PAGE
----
Many of the concepts associated with machine learning have been around for decades. However, over the last few years, enormous advances in computing power have allowed researchers to explore algorithms and approaches that have languished. One idea that is suddenly grabbing attention in the AI world: neuroevolution. The approach mimics natural evolution by winnowing neural pathways within artificial neural nets. Through mutations, it identifies the pathways that are the most efficient to address a particular task.
In the coming years, neuroevolution could impact fields as diverse as robotics, medicine, and logistics by allowing systems to adjust and adapt more dynamically—and more intelligently. Although the origins of the concept date back to the 1980s, today's computational power is allowing researchers to breathe new life into old algorithms.
"Neuroevolution combines evolutionary algorithms with artificial neural networks. The result is an ability to train systems in a similar way to the evolution of brains on earth," explains Kenneth Stanley, a senior research scientist at Uber AI Labs and a professor on leave from the University of Central Florida.
Neuroevolution is inspired by nature. Conventional deep learning uses an approach called stochastic gradient descent (SGD); it improves an algorithm over time by gradually reducing errors through ongoing training. Although SGD is highly effective for addressing many computing tasks—including difficult activities such as speech and image recognition—it struggles more with the harder challenge of "reinforcement learning," which means learning how to act with only infrequent feedback. For example, a robot with a damaged or disabled leg has to learn a different way to walk without anyone telling it exactly how it should adapt to that unique situation.
"Typically, neural networks are used in domains where you have an existing dataset," explains Risto Miikkulainen, a professor in the computer science department at the University of Texas at Austin and vice president of research at Sentient Technologies, an artificial intelligence software firm. "They are useful when you have existing data points that tell you how to map inputs to outputs. "This includes things such as understanding the behavior of the stock market or the underlying dynamics of weather conditions, which both display known patterns over time. However, "If you do not know what the right outputs are for given inputs, you cannot use this approach," Miikkulainen adds.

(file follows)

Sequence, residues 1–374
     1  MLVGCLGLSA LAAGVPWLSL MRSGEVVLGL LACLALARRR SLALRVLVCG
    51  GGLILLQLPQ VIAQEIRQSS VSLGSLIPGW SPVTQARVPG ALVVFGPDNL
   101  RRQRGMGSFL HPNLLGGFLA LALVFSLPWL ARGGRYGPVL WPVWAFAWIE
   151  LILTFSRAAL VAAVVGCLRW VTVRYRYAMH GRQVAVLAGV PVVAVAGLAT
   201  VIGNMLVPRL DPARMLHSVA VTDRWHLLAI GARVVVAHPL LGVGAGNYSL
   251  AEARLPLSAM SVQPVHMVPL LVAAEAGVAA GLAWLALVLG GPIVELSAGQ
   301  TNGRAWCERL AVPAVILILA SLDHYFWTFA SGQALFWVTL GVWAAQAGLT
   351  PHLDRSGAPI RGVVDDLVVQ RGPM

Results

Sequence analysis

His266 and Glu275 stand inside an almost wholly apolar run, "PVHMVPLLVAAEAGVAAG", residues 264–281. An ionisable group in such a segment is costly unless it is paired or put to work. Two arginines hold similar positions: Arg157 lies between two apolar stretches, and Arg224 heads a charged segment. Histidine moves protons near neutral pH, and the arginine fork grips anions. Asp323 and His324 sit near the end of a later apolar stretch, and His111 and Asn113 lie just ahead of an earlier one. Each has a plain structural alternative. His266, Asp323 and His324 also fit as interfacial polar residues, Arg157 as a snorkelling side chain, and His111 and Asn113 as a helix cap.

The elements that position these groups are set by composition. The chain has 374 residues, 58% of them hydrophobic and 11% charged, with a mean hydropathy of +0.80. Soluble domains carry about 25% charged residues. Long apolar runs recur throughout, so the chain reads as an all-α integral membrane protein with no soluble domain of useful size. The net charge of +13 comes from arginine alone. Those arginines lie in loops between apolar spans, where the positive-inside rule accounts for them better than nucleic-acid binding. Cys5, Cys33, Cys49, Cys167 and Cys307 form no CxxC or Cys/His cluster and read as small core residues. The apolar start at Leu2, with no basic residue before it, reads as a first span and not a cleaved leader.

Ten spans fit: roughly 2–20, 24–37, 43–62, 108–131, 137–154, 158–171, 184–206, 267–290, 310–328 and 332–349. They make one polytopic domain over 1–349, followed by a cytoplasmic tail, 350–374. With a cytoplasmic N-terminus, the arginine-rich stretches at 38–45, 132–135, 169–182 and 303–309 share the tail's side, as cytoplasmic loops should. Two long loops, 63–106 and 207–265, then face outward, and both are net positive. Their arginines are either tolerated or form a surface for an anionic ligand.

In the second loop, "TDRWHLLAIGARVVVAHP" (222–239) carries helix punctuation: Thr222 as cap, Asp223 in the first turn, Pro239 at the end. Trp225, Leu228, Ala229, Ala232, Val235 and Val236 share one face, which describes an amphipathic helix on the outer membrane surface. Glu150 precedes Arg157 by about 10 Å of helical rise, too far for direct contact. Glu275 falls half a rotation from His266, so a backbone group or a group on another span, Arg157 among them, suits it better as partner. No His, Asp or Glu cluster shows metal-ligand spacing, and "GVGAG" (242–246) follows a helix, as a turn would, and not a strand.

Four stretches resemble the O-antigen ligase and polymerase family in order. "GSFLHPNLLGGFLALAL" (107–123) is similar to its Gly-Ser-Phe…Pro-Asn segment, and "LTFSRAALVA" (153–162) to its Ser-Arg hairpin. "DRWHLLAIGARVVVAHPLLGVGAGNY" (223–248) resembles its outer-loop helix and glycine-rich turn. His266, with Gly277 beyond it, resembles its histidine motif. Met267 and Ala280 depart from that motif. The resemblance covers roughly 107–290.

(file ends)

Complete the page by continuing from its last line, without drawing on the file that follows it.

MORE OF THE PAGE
Neuroevolution aims to bypass this barrier. Several researchers have dabbled with the methodology over the last few years, including members of the non-profit research company OpenAI and groups at DeepMind and Google. Stanley and Jeff Clune, a senior research scientist at Uber AI Labs and associate professor on leave from the University of Wyoming, have demonstrated that neuroevolution is also a powerful algorithm for creating deep neural networks that can solve hard reinforcement learning problems. A genetic algorithm (GA) they and an Uber AI lab team developed trained deep convolutional networks with upwards of 4 million parameters.
The research has already demonstrated the practical viability of neuroevolution. Stanley and Clune, who together have co-authored five academic papers on the topic at Uber, tapped the genetic algorithm to train a neural net to play Atari video games from pixels. The system outperformed conventional machine learning methods in 6 of 13 games and it avoided some dead ends that SGD could not. What's more, in three games, the system in outperformed humans.
Stanley says a key factor is the ability of the neural net to spontaneously mutate. He, Clune, and Joel Lehman, another research scientist at Uber, found a way to introduce "safe" mutations that helped the neural net to grow dramatically and produce better results. This technique enabled them to evolve deep neural networks (DNNs) with over 100 layers, which is far beyond what was previously shown possible through neuroevolution.
At Uber, the practical benefits might include developing improved pricing models or more efficient scheduling or routing systems. But that is only the part of the allure of neuroevolution, Clune says. The GA, especially when combined with other machine learning algorithms, could lead to all sorts of improvements in robotics, drones, autonomous vehicles, smart cities, drug design and cyber-security. These systems could adapt dynamically and intelligently to changes, whether it's structural damage to a drone or a sudden spike in traffic in a neighborhood.
"The goal is to create a framework where it's possible to explore and test possibilities quickly and select the best approach," Miikkulainen explains.
In fact, Miikkulainen believes the future of neuroevolution is bright. It adds a potentially powerful tool for tackling complex computational problems. Others, including the OpenAI group, are pursuing research in the field and eying the possibilities.
Concludes Clune: "Neuroevolution has always been an intriguing concept. Modern computation is allowing researchers to begin to truly harness the idea in much the same way that Leonardo Da Vinci envisioned a helicopter long before it was possible to actually build and fly one."
Samuel Greengard is an author and journalist based in West Linn, OR, USA.
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